’ve been waiting for this one. Watching, as a faint trickle of rumours gradually meandered their way into a steady stream of information. Puzzling, as Ross Robinson was announced as co-producer. Wincing, as I heard about his bizarre team-building exercises. Praying. Always praying. Not for rain; but for a final vision which could lure me into a crazy, dreamy Head On The Door dance, stab me icily through the heart with Pornography and leave the same beautiful, tear-soaked impression as Disintegration. This is my impossible Cure dream. What’s yours?
Such is the curse that must be carried by all dedicated acolytes to the Church of Cure (the mothballed jumper can be itchy, but you get used to it). We want it all. Every single myriad aspect of a twenty-five year career distilled into (give or take) twelve precious moments. But can miserable-mopey-melty-makeup Cure and whirly-trippy-cat-noises Cure ever actually co-exist in a workable relationship? Their unjustly maligned first child, Wild Mood Swings, is still locked in a damaging custody battle. The Cure tries to make its parents proud.
Aforementioned crazy uncle Ross has also made an appearance, bringing a few strangely over-processed guitar noises with him. More productively, he seems to have lured Robert Smith back into fine vocal form. There’s classic yowling action aplenty all over the swirling, discordant opener “Lost”. Freaky, squeaky flourishes last spotted on “High” work their way into most of the poppier material (“Taking Off”, “The End of the World”). This will probably spread joy and irritation in equal measure. Unquestionably though, Smith is emoting and embellishing like it’s Kiss Me, Kiss Me, Kiss Me all over again. He’s also swearing more. Tsk.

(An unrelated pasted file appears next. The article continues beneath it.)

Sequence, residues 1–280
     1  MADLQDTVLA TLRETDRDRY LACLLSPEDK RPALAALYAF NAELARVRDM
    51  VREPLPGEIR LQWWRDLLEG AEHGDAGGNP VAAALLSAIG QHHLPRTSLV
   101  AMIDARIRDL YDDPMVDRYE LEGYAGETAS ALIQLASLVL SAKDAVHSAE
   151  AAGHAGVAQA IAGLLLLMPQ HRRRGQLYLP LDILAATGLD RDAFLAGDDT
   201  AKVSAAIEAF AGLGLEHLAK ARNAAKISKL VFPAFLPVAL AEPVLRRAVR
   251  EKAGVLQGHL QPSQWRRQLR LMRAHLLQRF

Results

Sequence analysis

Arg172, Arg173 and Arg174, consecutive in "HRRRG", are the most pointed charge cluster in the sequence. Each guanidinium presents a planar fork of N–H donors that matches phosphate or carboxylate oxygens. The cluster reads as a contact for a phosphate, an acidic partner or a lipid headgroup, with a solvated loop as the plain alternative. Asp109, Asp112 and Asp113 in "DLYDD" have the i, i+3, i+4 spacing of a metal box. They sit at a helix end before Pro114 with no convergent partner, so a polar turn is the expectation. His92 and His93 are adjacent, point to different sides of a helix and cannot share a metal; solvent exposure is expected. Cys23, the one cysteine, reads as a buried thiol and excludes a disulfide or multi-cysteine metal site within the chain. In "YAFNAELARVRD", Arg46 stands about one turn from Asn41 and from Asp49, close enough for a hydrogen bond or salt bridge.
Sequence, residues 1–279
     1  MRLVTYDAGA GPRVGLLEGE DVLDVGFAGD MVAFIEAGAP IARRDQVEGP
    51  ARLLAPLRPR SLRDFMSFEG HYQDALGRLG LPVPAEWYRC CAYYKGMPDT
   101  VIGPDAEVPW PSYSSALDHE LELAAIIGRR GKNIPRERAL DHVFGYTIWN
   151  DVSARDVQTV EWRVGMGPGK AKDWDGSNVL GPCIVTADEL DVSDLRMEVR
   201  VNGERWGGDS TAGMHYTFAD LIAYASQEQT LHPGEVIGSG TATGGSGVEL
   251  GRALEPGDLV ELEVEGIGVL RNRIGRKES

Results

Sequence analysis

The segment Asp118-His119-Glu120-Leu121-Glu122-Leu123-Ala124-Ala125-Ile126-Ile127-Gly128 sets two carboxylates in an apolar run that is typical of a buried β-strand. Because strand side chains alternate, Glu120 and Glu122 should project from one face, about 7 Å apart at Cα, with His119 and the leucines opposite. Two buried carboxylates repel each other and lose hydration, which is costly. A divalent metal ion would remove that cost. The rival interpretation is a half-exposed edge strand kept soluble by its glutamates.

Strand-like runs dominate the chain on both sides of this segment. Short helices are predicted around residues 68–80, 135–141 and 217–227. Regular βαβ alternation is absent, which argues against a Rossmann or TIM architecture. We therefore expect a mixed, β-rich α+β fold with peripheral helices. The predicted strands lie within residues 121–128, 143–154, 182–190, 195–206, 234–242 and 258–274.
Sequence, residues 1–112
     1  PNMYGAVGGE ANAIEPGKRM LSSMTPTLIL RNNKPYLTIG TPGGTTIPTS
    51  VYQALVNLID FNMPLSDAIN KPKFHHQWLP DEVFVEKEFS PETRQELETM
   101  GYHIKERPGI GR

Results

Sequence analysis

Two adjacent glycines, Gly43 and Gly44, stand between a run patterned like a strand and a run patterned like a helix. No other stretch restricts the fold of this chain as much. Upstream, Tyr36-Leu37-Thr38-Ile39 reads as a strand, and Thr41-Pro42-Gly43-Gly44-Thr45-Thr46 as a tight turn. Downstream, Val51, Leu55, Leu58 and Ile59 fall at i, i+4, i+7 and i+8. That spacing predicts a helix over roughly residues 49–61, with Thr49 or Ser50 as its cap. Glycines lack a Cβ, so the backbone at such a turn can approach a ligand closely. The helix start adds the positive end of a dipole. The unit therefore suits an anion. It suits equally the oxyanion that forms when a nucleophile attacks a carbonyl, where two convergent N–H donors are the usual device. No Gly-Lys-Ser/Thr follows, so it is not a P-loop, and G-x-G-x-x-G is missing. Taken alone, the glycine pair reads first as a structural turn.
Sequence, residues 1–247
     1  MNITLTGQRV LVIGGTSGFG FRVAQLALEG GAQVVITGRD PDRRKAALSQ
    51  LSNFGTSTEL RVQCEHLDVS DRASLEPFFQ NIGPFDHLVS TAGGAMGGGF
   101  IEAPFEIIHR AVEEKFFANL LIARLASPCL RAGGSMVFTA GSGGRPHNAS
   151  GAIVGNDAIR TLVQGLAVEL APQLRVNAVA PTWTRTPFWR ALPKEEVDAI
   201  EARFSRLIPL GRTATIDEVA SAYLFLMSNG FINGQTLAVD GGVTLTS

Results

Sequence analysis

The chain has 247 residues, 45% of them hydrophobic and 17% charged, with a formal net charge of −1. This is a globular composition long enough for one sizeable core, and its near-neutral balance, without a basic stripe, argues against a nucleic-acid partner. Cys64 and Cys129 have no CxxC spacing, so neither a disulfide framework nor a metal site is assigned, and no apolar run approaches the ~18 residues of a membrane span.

Such invocation of previous material is a recurring theme. Not in a way that suggests blatant rehashing (save for pinching the riff from “In Your House” for “alt.end”—although that ends up working rather well), but almost as if this were a bizarre ‘Greatest Hits’ package from a parallel universe. Every Cure era seems to be represented; in a snatch of melody, mood, or lyrical phrasing. No sooner has “Lost” bludgeoned its way past in a storm of flange and fuzz and “Labyrinth” done its eastern-strings-and-loud-guitars thing to conclude a battering opening salvo than tickets for the colourful bus to wistful dreampop land are thrust into our twitching hands. “Before Three” is one of those tracks. You know, a little “Letter to Elise”, a touch “Just Like Heaven”. All sky and flowers and regret.
It works because it remains subtle. Delicate. Previous albums are touched, stroked—but never plundered. You can’t hear “The Promise” without discerning echoes of “The Kiss” amidst those ever-building layers of screeching feedback. “Taking Off” hints at the whimsy of “The Caterpillar”. “Us Or Them” can surely only be a redirection of the anger spilling over from “Shiver and Shake”. This feeling falters, if only for a moment, in the form of “Never”, which just sounds like that slightly rubbish Cure song you don’t especially like.
Due to insane record company shenanigans The Cure has been issued in roughly fifty-seven different versions. My (UK) edition has thirteen tracks. US folk; please start asking stern questions as to why the hauntingly marvellous “Going Nowhere” is missing from your release. Think of the essence of “Homesick” squeezed into three and a half minutes. Seriously, start writing to Senators or something—this is a national tragedy. You’re missing “Truth, Goodness and Beauty” too, but whilst it’s a pleasant enough jaunt, that’s not such a big deal.
I really have no idea where The Cure will ultimately fit in the grand scheme of Cure history. In all honesty I felt that Bloodflowers would be the last album (yeah, I fell for that old trick again). There are entirely too many nods to the past for this album to be a fresh start, yet it refuses to slip comfortably into place in their catalogue. It’s strange, it’s beautiful, it has the odd terrible lyric. I’ll keep wishing impossible Cure things. In the mean time, this will serve.